Morning Links: Justice denied and threats against cyclists, and it’s time to give up some of that good bike blood

Sometimes there seems to be a common thread in the day’s news.

This time, it’s a tale of threats and justice denied. At least, if you’re on a bike.

In a must read from Colorado, a cyclist describes the collision that totaled his bike — and nearly totaled him — when he was rear-ended by a driver doing an estimated 35 mph.

Yet when an officer from the highway patrol showed up, he had apparently decided what had happened before he even got out of his car. And gave the rider a $24 ticket for not getting the hell out of the way of the truck that hit him.

Then there’s the case of a Virginia driver who was convicted on two misdemeanor counts after buzzing a group of cyclists, then threatening them with a gun.

Yet despite threatening the lives of five innocent people, he walks away without even a single day behind bars.

And don’t even get me started on the schmuck who robbed an Oakland bike rider as he lay unconscious in the street after being hit by a truck; the victim’s mother says a heart defect has compounded his injuries and left her son clinging to life.

Hopefully they’ll catch the thief, lock him up and shove the key where the sun don’t shine.

Then there’s the idiot who tossed tacks on a busy Portland bridge popular with bike riders for the second time this week.

It may not sound like a big deal.

But a sudden flat can cause a cyclist to lose control and fall, possibly resulting in a serious injury. Or worse, if it causes him or her to fall in front of oncoming traffic. And even a sudden swerve after spotting the tacks in the roadway could be dangerous.

Police tend to treat incidents like this as a simple prank. When they should be investigated as an assault. Or at least an attempt to intimidate — if not terrorize — people exercising their legal right to ride a bike.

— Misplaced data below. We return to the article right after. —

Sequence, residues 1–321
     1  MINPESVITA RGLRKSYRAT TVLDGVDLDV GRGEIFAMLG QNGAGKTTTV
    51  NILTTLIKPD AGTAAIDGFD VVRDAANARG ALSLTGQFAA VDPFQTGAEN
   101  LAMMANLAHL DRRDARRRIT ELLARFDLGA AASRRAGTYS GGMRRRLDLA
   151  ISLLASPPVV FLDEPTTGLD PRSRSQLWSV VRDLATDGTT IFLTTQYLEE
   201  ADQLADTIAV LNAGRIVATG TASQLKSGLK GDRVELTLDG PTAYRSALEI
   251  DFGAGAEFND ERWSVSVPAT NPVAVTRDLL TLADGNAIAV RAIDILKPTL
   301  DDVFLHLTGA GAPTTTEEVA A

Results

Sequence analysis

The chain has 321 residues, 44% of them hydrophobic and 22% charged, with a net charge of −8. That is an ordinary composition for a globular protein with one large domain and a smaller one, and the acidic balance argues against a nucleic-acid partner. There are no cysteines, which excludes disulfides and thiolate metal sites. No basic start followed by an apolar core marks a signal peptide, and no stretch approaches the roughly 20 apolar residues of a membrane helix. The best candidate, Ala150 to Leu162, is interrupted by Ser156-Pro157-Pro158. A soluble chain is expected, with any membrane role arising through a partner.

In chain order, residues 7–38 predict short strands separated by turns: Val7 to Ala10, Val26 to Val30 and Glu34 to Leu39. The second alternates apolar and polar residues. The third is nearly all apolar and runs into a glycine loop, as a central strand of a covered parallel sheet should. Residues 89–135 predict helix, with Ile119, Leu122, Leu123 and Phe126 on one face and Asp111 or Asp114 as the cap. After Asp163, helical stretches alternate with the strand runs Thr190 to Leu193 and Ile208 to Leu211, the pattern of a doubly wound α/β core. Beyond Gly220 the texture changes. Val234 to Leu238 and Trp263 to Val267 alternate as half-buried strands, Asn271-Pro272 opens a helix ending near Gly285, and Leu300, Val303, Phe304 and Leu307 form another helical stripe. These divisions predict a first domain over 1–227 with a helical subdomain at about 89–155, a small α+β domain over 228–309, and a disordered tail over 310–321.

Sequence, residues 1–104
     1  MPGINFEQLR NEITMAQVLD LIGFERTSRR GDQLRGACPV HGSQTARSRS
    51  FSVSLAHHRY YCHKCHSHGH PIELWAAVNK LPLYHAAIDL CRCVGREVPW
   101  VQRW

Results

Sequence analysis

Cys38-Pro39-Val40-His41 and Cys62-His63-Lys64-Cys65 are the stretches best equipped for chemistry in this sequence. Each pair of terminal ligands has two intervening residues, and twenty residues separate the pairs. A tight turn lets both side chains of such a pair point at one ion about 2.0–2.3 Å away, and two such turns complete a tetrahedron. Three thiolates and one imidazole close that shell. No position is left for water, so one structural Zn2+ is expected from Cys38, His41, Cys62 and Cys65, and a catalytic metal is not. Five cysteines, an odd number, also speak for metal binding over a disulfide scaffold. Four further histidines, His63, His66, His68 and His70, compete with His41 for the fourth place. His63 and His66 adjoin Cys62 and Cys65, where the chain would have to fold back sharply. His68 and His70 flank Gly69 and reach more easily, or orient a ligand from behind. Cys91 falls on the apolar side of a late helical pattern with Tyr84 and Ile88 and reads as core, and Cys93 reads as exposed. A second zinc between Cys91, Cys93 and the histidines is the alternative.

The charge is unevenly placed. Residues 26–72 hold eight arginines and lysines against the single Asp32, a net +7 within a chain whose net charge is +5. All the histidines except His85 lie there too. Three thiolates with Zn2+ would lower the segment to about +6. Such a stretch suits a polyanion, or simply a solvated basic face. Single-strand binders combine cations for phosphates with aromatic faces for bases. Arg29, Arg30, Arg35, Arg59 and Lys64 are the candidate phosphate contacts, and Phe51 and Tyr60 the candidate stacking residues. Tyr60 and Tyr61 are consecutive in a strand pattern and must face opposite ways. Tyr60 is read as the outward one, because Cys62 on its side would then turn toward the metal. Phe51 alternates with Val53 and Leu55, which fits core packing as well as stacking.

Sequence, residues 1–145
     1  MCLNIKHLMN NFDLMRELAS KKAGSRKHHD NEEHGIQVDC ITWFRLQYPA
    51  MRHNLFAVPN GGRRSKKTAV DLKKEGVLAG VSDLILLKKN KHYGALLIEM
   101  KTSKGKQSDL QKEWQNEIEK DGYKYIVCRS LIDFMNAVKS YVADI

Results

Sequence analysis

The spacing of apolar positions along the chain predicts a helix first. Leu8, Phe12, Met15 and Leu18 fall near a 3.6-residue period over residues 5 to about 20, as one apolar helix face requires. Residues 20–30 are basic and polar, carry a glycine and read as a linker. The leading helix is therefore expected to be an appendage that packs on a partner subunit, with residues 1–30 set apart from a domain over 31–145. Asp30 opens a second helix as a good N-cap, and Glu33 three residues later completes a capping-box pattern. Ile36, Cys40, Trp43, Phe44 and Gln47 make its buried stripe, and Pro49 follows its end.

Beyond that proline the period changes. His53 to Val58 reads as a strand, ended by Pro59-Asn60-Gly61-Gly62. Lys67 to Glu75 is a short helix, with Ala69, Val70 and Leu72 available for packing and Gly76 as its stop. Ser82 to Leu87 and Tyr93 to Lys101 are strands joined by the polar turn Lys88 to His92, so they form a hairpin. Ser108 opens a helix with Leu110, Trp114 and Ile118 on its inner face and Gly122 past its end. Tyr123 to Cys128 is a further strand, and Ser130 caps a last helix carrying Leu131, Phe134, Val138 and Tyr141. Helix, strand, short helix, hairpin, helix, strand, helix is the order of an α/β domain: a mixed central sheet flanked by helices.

But at least authorities are taking the case of the drunken hit-and-run Baltimore Bishop seriously, holding her on $2.5 million bond.


Red Kite Prayer urges you to perform a life saving act by donating blood, and putting those bulging bike riding veins to good use during National Blood Donor Month.

I couldn’t agree more.

I used to donate on a regular basis until health issues forced me to stop, losing count at somewhere north of five gallons of my own high test A-positive over the years.

Way north. Because after awhile, how much just didn’t matter anymore.

What did matter was that it was, perhaps, the only entirely selfless thing most of us will ever do; all you’re likely to get out of it is a good feeling and a cookie or two.

I have no idea what happened to that blood, who might have gotten it or why; I can only trust that it went to people who needed it. And hopefully made a difference.

With the exception, that is, of a single pint that went to my own wife before her own major surgery.

Thankfully, she came through with flying colors.

But showed no more interest in riding a bike than she had before.


San Francisco bike bag and clothing maker Mission Workshop is opening up on Sunset Blvd in Silver Lake.


No. Just no.


A new website and Twitter account promises to cover all things bike in the San Fernando Valley.



Richard Risemberg looks at the proposal for five blocks of complete streets on North Figueroa.

KCET will air a report on last December’s South LA CicLAvia next Wednesday.

Been awhile since we’ve heard from the Department of DIY, which took it upon itself to remove sand blocking the usually bikable shoulder on Lincoln Blvd. Seriously, it shouldn’t be up to bike riders to keep our streets safe to ride.

Congratulations to Cindy Decker of Performance Bike in Long Beach on winning one of ten Women’s Bicycle Mechanic Scholarships; the winners were selected from over 800 applicants nationwide.



Orange County pulls the plug on Fullerton’s less than successful bikeshare program, which cost taxpayers $800 a ride.

Apple could be planning to take on GoPro with a more aero cam that can be mounted on a bike helmet. And would undoubtedly connect to your other Apple gear.

How slow can you go? Marin County is reducing the speed limit on a popular bike path to just 10 mph to cut down on conflicts with pedestrians.